Here's what it's like to bring your parents to Burning Man
Scott, 36, has been attending for six years and this time decided to bring his dad, Rick.
"It's a place where you can connect with yourself, and he gave up some things to be my dad, so I wanted him to experience that," Scott, who traveled from Redondo Beach with his father, told Business Insider while checking out some of the many art pieces the desert had to offer.
And during his time at the festival Rick experienced it all.
"We've been doing a little bit of daytime activists and a little bit of partying," added Scott. "He's been up every day at sunrise."
Rick, meanwhile, says that despite tent living being "a little dustier than I like," his experience has been "amazing."
"The last year my son has dedicated to his father," said Rick. "It's a very moving thing to be connected to your son and see each other as friends and not just a dad."
I found another father-son duo at a place called The Petting Zoo. A 49-year-old dad from San Francisco brought along his 16-year-old son and 23-year-old nephew.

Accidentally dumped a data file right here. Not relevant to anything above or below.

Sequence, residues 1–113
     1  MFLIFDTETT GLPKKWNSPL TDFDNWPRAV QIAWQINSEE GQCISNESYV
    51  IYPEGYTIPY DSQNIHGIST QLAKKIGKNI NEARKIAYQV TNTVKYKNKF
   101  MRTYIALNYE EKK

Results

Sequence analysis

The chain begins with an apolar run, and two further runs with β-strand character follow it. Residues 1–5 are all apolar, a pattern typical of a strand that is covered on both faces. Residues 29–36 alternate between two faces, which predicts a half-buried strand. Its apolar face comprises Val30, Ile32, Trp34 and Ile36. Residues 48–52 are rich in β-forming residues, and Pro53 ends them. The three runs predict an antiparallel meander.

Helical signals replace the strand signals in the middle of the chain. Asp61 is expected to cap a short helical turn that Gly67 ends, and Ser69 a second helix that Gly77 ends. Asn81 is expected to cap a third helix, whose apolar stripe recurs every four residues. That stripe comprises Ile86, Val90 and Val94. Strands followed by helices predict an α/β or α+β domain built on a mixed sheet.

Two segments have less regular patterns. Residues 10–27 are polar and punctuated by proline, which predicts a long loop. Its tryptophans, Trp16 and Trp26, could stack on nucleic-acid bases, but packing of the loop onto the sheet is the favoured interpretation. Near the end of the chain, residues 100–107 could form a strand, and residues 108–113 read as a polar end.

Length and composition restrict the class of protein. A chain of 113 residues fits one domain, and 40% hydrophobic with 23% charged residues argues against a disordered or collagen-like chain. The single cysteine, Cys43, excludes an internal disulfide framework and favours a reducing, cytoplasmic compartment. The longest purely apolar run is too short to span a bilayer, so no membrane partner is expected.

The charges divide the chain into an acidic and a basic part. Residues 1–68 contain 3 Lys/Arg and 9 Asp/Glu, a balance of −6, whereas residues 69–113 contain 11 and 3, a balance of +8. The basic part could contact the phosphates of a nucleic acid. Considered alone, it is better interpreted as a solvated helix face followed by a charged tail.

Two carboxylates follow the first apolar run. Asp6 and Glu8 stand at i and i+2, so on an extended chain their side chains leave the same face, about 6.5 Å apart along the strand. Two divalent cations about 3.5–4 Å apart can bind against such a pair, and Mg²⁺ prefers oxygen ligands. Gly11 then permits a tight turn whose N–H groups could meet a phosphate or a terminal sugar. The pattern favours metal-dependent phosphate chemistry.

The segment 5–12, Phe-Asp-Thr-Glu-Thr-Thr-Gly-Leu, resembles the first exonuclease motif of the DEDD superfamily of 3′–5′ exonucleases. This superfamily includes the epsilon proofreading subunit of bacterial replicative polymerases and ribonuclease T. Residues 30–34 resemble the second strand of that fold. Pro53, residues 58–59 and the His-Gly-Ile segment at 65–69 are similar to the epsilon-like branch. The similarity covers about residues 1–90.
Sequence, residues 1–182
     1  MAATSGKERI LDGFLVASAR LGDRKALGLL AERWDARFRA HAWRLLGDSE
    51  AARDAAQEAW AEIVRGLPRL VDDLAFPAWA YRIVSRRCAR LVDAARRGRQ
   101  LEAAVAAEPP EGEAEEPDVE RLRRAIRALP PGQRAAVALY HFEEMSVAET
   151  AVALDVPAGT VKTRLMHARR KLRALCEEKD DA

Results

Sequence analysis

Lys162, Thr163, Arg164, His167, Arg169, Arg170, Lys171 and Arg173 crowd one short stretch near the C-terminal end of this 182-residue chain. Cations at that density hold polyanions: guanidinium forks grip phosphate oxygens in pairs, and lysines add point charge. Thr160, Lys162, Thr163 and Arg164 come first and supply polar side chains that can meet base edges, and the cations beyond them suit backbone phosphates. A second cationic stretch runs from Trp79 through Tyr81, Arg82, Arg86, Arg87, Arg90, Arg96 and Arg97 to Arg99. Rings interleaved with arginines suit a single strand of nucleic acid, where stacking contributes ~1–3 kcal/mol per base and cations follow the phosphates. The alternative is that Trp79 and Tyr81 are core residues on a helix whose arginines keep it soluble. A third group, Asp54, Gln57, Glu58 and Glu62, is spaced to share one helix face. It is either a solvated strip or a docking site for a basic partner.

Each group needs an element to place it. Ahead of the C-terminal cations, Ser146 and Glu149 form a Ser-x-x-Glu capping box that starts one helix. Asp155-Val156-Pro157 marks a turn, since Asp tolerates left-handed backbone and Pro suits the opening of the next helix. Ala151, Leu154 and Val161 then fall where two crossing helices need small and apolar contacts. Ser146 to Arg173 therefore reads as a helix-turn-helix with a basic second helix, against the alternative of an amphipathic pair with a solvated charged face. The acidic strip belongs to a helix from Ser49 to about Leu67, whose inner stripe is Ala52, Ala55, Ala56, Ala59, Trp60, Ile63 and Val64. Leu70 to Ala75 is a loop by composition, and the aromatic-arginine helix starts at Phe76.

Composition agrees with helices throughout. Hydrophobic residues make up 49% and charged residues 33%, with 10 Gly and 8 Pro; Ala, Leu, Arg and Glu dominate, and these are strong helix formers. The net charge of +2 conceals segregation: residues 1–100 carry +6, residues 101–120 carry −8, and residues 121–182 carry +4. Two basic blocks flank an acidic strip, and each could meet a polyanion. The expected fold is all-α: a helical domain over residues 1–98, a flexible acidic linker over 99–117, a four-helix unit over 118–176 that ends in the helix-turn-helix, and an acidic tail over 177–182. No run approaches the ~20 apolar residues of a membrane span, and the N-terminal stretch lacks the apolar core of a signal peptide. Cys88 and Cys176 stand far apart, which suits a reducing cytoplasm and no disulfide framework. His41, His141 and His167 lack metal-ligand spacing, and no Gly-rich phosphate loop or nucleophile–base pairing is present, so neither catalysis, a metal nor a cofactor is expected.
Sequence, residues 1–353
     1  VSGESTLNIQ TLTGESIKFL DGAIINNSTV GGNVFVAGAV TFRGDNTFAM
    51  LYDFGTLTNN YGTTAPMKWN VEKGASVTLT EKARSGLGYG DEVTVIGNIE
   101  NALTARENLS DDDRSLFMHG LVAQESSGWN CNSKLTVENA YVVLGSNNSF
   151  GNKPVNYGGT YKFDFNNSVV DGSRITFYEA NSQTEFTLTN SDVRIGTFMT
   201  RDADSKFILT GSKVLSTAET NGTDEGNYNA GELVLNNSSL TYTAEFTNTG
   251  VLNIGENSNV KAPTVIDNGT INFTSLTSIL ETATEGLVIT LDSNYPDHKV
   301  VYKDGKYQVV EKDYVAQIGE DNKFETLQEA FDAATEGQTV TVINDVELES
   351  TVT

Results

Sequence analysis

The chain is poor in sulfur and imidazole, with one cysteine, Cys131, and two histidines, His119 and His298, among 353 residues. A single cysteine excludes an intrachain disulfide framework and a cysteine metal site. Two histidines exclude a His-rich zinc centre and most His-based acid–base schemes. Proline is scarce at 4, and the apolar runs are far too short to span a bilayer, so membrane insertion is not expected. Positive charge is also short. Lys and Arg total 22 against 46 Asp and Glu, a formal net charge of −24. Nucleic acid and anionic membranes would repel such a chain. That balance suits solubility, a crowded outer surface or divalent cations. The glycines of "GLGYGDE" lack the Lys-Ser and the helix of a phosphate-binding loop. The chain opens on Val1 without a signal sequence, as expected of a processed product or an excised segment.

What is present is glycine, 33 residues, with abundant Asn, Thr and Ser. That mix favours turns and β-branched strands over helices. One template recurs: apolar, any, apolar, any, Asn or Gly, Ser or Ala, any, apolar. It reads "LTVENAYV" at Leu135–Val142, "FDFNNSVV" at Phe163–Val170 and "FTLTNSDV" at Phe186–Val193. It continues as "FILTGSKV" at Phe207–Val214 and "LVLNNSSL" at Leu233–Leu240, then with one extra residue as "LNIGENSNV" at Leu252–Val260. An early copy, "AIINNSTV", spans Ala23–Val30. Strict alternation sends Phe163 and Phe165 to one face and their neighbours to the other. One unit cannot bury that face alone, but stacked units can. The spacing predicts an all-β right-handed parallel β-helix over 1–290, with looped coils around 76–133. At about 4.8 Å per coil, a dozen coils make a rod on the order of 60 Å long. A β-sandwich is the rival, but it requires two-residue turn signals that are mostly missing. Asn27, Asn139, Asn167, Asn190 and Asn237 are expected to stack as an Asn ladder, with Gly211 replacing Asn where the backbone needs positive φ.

"We are having so much fun," the dad told me. "We haven't seen all the debauched sexuality and drugs that have been represented about the festival, but what we have seen is a die-hard crowd that loves people."
His buddy said it was his fifth time. "We love it here - we love the art and the survival skills it requires to be here comfortably and the very nice people we meet here."
"But we're burnt out," he added, laughing.
Joan Bloodworth, from Madison, Wisconsin, is 81 years old; this was her first Burn.
Bloodworth decided to attend at the urging of her daughter.
"My daughter and her husband from Berkeley have been coming for years, and she said this was the year she wanted me to see it. He was a foreman, so he got one of these little cabins I stay in. I'm sleeping on the floor, but it has a refrigerator and air-conditioning, and it's wonderful."